The Nizkor Project: Remembering the Holocaust (Shoah)

Shofar FTP Archive File: people/e/eichmann.adolf/transcripts/Sessions/Session-026-03

Archive/File: people/e/eichmann.adolf/transcripts/Sessions/Session-026-03
Last-Modified: 1999/05/31

Q. Dr. Berman, you were subsequently one of the commanders
of the ghetto revolt?

A. Of the Jewish underground.

Q. We have already heard about this, but I simply did not
want to neglect your share in it. You saw the children who
participated in the ghetto battle?

A. Yes.

Q. Did you witness these little heroes?

A. Yes. I wanted to say something about this. When the
disaster came about, our line was one of general
mobilization, mobilization in two directions; first of all
in the direction of the Jewish anti-Nazi fighting
underground. And we did everything possible in order to
organize the youth, the workers, the intelligentsia, into an
armed anti-Nazi underground. I took part in setting up the
first organization of the armed Jewish underground in the
Warsaw Ghetto, within the anti-Fascist bloc created at the
initiative of the Polish Labour Party, the P.P.R., in the
Warsaw Ghetto. Already at that time, youth and older
children were also participating in this bloc.

Q. Perhaps we can come to the revolt. At the time of the
revolt you were in the ghetto?

A. No. At the time of the revolt I was one of the
representatives of the ghetto fighters on the Aryan side to
the Polish underground.

Q. Let us now leave this matter. After the War you went to
visit Treblinka - is that so?

A. That is right.

Q. At this moment I am not asking for evidence about
Treblinka, for we shall present the chapter of the camps to
the Court at the appropriate time. But perhaps you are able
to tell us in general terms what you saw there?

A. When I came there it was some weeks after I had been
liberated by the Soviet army, this was in January 1945. I
saw a scene which I shall never forget: a tremendous
expanse, extending over many kilometers and on this area
there were scattered skulls, bones, in tens of thousands,
and very, very many shoes, amongst them tens of thousands of
shoes of little children.

Q. Did you pick up one such pair which you have retained to
this day?

A. Yes, I have brought it here.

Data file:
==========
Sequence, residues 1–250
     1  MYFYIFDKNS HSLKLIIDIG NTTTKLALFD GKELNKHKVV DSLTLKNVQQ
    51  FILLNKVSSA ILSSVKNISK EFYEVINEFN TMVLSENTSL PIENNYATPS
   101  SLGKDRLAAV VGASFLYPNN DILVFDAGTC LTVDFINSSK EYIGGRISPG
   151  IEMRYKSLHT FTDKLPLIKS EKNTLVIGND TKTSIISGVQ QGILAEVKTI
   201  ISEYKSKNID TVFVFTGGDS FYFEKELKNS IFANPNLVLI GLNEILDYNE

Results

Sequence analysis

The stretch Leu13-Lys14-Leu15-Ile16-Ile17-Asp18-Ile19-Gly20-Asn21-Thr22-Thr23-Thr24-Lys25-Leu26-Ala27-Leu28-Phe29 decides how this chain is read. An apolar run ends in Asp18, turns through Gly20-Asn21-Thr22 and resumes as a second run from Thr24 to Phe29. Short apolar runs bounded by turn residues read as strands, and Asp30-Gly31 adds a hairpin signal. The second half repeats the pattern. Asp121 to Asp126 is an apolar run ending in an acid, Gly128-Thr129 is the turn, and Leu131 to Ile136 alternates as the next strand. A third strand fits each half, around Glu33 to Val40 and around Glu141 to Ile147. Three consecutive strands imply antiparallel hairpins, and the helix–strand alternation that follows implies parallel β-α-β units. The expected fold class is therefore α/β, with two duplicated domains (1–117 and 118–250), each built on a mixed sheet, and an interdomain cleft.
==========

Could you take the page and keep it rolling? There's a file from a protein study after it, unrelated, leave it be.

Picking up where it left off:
Q. You brought it here to show the Court?

A. Yes, I wanted to show it.

A. The pair of shoes of a child, you have retained to this

A. I brought it as something very precious, for I knew that
over a million shoes like these were spread over all the
extermination fields of Europe. These are the shoes. [The
witness shows the Court a pair of children's shoes.]

A. Thank you very much, Dr. Berman.

Presiding Judge: Dr. Servatius, do you have any questions to
the witness?

Dr. Servatius:  I do not have any questions.

Judge Raveh:   Dr. Berman, when you referred to the number
of 100,000 children, to what ages did you refer, up to what

Witness Berman  Up to 14.

Q. And in July 1942 when there was the great "action"  you
spoke of, what was the number of children up to the age of

A. Before the commencement of the "action" there were more
than 100,000 children.

Q. This means that there was no change from the beginning of
the War until then?

A. No, at the beginning of the War there were less, but

Q. Less than what?

A. Less than 100,000.

Q. I understood that was the number at the beginning of the

A. No. I would like to explain this. At the beginning of the
War there were about 350,000 Jews in the Warsaw Ghetto.

Q. And of these children up to 14, approximately?

A. One must take into account, I think, about 60-70
thousand. Afterwards there were expulsions from all the
country towns of the district and not only of the district.

Q. Then the number of Jews reached half-a-million?

A. 450,000 to half-a-million.

Q. Of these 100,000 children up to 14?

A. Over 100,000.

Q. You said a number of times "SS men and their
collaborators." To whom do you refer by "collaborators?"

A. By collaborators I meant, firstly, the gangs of Ukrainian
Fascists who helped them in all the extermination "actions"
and also to our great regret, the Warsaw Ghetto police force
which was also an instrument in the hands of the Nazi
murderers. And we, the Jewish underground, without
distinction of outlook, were against this Jewish police
force, as we were also against the policy of the Judenrat,
of cooperation with the Nazis.

Judge Halevi:  Dr. Berman, did you receive any assistance,
did the Jews receive any assistance at the time of the

Witness Berman  Yes. I myself was in constant touch with the
Polish underground and with relief institutions for children
in the Aryan quarter, Polish institutions. And I can relate
that also from the point of view of help for the ghetto
fighters, and from the point of view of help for the rescue
of Jews we received a certain measure of assistance. I
cannot say that it was massive help, substantial, moreover
the possibilities, then, for the Polish underground, for the
Armia Ludova, for the P.P.R. - these possibilities were not
so great, but we obtained help. And I am proud of the fact
that the first revolver we received from the Polish anti-
fascists for the Jewish anti-fascist bloc, we received in my
room, in the room of the director-general of "Centos,"  in